Dawson Barrett, assistant professor of U.S. history at Del Mar College and the author of “Teenage Rebels: Stories of Successful High School Activists,” “From the Little Rock 9 to the Class of Tomorrow,” and “The Defiant: Protest Movements in Post-Liberal America,” was the featured speaker in the second installment of Niagara University’s Spring 2019 Social Justice Speaker and Discussion Series, April 4, 2019.
Barrett’s presentation, “The Fight of Our Lives: Protest Movements in Post-Liberal America,” discussed post-liberalism and neoliberalism, connecting protests throughout history to the current state of the world today.
“We brought Dawson Barrett here specifically because his work is both about and for youth,” said Dr. David Reilly, director of international studies and chair of the Department of Political Science, who coordinated the series.
Barrett believes that teens have been on the front line of nearly every movement for change in our country’s history. In his book, he incorporated language used in the classroom to share stories and concepts that resonate with students.
“Protest is a long and proud tradition in our democracy, and I would argue that it is more important historically than voting,” Barrett said. “After all, if we limit our political power to voting, then we have to acknowledge the fact that the U.S. is a dictatorship, for poor white men for a half century, for white women for another century after that, and for people of color for another half century after that. In fact, there has still never been a day in this country’s history where every citizen, let alone every resident, has had the right to vote.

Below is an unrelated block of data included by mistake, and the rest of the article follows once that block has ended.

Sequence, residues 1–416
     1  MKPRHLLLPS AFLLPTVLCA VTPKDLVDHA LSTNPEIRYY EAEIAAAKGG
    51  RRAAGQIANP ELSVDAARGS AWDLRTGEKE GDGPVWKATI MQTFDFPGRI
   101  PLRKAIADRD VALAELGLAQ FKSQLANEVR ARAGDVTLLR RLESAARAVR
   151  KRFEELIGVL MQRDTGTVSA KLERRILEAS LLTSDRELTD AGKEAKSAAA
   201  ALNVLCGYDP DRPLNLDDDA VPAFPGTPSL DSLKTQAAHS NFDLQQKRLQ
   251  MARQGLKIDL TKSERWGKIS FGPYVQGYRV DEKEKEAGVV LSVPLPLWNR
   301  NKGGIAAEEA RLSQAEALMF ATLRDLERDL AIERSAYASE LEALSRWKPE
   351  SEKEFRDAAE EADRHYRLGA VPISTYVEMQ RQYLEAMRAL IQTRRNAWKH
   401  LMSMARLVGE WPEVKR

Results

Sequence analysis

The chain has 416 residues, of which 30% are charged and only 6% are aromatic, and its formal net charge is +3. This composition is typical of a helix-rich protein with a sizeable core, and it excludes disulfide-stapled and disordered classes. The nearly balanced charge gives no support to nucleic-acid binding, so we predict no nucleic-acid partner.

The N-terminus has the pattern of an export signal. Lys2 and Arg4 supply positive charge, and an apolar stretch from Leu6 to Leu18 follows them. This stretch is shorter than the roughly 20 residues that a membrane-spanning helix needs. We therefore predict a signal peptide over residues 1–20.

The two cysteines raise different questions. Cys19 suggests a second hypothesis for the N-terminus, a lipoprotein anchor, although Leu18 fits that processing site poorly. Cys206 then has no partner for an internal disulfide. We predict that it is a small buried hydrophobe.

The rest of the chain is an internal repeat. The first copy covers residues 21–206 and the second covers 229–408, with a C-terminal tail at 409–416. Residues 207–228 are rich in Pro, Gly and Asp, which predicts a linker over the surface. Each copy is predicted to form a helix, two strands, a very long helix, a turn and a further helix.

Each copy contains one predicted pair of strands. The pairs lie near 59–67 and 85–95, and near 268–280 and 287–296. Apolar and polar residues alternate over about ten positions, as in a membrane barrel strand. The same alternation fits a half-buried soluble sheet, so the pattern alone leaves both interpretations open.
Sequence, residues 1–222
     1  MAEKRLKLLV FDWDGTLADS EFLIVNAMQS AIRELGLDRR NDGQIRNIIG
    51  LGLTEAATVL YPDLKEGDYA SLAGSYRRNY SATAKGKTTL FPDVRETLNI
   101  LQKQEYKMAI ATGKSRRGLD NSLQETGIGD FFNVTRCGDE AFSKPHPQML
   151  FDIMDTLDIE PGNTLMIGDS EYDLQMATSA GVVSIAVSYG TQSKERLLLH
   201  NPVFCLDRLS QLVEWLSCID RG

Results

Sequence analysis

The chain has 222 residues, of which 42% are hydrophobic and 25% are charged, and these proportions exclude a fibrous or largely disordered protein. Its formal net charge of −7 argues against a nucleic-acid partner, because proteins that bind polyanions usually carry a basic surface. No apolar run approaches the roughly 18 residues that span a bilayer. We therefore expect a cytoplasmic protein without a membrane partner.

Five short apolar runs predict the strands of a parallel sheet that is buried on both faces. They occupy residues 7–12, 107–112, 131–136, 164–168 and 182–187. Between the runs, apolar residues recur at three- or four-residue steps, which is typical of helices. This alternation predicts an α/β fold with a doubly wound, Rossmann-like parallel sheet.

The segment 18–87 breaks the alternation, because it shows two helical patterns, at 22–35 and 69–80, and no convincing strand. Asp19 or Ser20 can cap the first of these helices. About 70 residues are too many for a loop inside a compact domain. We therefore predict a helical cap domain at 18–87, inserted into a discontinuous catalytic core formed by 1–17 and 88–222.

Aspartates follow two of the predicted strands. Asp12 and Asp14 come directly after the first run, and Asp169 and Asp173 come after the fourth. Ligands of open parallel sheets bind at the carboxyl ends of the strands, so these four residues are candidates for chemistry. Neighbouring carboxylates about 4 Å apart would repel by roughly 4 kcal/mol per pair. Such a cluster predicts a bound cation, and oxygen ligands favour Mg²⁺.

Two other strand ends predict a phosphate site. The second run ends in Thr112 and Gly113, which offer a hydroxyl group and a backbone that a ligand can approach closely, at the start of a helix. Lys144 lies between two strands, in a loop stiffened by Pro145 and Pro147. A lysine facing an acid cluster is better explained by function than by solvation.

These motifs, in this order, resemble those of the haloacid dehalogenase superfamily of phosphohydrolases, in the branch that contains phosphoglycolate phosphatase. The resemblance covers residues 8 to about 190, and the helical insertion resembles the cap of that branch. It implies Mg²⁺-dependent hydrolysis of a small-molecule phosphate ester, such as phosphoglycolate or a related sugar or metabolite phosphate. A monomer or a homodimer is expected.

“But, these same people [who] were presumed to [be] powerless, have still found a way to push for change,” he continued. “So, in this sense, protest is inherently democratic. It is a fundamental human right, it is something that does not require official approval, and it can take a number of forms.”
Barrett concluded his presentation by encouraging people, specifically students and the youth, to get engaged in movements that will shape history.
“If you do join this fight, on the side of those who are working for a more just and humane world, despite impossible odds, you are actually following in the footsteps of some true heroes of U.S. history,” he said. “My hope is that the history in this book will help us, together, to shape the future.”
Barrett summed up his thoughts with a quote from his book: “This is a book about a fight, and it’s not a fair one. But fair or not, this is the fight of our lives.”
The Spring 2019 Social Justice Speaker and Discussion Series continues on April 11, 2019, with “Hope and Resistance: A Conversation with Frida Berrigan.”